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Property investment challenges in 2023

What exactly are the strategies that make sense in an economic downturn? They are many and various, but none of them are vanilla.

Whenever there’s a property crash, or a recession, or some other economic crisis, many people sit on their hands and do nothing as the standard strategies that most people employ (the vanilla ones) no longer work as well as they did, and some no longer work at all.

For most people, vanilla is all they know. So, they freeze, waiting for their trusted strategies to start working again. But when their frozen strategies thaw, the opportunities are gone.

Having worked in property for the last forty or so years, By Ritchie Clapson CEng MIStructE, propertyCEO offers a few nuggets of wisdom. Here are a couple of non-vanilla strategies for you to consider.

Buy-to-let plus

The immediate future is uncertain. House prices may come down as affordability declines which then stagnates the market. Inflation will see interest rates climb and the cost of borrowing increase. On top of this, the buy-to-let market is facing an unprecedented level of taxation and regulation, which has already forced many landlords to sell up. Rental properties will shortly be required to meet more stringent EPC ratings, and for many the cost of upgrading them makes the whole buy-to-let venture unprofitable or unaffordable. And then there are those landlords who hold portfolios in their own name, which means when they do sell up, they will attract a prohibitive amount of capital gains tax due to their properties’ values increasing significantly during their ownership.

So, providing a solution to those landlords could be quite an attractive proposition for them.

What if you were to find a way of taking control of their portfolio while ticking all the buy-to-let regulatory boxes and allowing them to sell properties over time so they could take advantage of the CGT allowance every year? You could then acquire their tenants today and their portfolio over time, giving them a more profitable exit and you a significantly discounted means of creating an active portfolio. Is this possible? You’ll find plenty of people who are in the know that believe that it is. You just need to know how to do it.

More often than not, the trick is to uncover who needs a solution most, and then work out a way of providing it. You are then in the enviable position of being one of a small group supplying a large number of people with something they desperately need. And believe me, every time there’s a crisis, there’s never any shortage of people looking for an exit.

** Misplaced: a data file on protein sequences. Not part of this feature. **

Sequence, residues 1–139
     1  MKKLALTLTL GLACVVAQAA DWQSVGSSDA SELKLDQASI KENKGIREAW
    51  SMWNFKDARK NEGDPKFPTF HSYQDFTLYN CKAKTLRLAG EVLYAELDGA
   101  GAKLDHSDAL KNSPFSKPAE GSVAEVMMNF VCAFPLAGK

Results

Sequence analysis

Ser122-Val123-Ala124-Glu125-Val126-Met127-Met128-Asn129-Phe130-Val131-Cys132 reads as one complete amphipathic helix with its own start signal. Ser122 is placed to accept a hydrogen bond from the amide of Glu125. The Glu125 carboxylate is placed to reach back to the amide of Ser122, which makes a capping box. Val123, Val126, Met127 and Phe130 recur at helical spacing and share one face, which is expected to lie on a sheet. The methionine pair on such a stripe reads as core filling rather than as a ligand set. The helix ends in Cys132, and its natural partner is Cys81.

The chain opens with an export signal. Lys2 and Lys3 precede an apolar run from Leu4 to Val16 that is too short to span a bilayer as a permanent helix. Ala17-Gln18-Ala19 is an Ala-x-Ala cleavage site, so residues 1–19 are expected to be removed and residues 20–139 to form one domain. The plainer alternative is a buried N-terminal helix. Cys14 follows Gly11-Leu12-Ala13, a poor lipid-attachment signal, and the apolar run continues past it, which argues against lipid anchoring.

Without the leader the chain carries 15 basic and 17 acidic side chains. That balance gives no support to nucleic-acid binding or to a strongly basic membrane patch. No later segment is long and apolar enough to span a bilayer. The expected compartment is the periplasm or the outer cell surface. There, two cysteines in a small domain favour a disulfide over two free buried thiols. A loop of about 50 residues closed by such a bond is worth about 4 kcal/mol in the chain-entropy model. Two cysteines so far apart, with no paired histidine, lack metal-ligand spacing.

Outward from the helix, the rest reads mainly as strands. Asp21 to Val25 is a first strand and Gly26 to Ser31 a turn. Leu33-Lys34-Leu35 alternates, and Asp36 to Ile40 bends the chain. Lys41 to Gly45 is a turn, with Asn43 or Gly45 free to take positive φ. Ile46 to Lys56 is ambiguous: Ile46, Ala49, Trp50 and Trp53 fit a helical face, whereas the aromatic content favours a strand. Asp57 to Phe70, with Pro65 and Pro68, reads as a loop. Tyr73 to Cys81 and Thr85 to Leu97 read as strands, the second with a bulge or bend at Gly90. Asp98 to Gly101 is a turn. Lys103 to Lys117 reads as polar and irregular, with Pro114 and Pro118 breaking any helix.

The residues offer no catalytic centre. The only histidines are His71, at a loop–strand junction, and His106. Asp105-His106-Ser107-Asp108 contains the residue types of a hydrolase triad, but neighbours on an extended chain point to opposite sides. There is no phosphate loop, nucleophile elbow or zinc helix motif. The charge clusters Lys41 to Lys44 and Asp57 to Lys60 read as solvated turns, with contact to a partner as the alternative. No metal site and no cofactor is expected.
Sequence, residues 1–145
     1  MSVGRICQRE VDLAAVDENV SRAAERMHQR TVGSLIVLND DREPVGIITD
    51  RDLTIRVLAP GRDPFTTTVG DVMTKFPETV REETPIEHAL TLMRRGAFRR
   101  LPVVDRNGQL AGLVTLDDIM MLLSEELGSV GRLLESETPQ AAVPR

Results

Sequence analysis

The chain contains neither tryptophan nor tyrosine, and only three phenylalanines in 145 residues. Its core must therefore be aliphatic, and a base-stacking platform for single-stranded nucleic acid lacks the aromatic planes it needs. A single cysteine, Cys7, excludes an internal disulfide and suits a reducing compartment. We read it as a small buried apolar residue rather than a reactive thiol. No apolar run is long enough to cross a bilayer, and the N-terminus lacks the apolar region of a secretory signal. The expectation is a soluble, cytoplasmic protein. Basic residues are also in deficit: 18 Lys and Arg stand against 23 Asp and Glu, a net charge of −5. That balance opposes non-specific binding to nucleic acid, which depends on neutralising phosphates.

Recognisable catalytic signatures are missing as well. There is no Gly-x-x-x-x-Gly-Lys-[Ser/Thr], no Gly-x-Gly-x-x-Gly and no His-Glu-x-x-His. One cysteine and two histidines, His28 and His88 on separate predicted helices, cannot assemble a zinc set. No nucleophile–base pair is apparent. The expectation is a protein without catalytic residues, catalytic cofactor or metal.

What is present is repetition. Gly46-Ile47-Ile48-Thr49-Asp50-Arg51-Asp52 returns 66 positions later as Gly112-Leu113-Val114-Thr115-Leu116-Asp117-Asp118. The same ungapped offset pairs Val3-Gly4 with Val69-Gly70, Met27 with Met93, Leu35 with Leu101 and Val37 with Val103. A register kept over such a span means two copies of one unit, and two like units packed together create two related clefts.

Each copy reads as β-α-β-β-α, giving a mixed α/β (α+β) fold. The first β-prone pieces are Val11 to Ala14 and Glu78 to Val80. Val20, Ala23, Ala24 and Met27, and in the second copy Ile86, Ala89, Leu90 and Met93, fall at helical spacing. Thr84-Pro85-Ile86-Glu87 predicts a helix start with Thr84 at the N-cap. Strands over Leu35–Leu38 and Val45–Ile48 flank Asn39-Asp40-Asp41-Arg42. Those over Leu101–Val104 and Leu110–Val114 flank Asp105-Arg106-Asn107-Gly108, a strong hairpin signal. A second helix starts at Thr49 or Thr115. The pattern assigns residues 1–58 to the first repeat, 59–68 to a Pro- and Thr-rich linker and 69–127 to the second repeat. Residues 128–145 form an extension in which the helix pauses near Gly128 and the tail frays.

Small-scale property development

Many canny landlords have already worked out that smaller development projects are simply the other side of the same property coin and that they already have the skills to both rent property as well as to develop it. Again, a modest bit of research would tell you that the government is desperate to encourage people to create new homes. Unfortunately, every time it tries to solve the housing crisis, a wave of nimbyism rises up to prevent any meaningful progress.

But one relatively nimby-friendly area is the conversion of the existing unused brownfield stock that we have up and down the country. These old shops and commercial buildings are lying there, unloved, and unoccupied, with little intrinsic value due to a lack of demand. We have more commercial building space than we need and not enough homes. Rocket science won’t be required to work out that converting one into the other is likely to be a savvy move.

But surely the large, established developers will have already snapped up all these opportunities? The thing is, they’re not remotely interested. Which means it’s a market that’s been effectively left to the smaller developers. Better still, the government has recently granted a raft of permitted development rights that make it possible to change the use of these buildings without the need for full planning permission. And with around four years’ worth of new homes locked up in these brownfield sites, it’s no wonder the government is keen to encourage as many people as possible to start developing.

As Warren Buffet famously said, ‘When others are greedy, be fearful, and when others are fearful, be greedy.’ This is undoubtedly true in the world of property investment; you only have to look back at previous property crashes and economic downturns to see the multitude of investors and developers who took action and subsequently made their fortunes.

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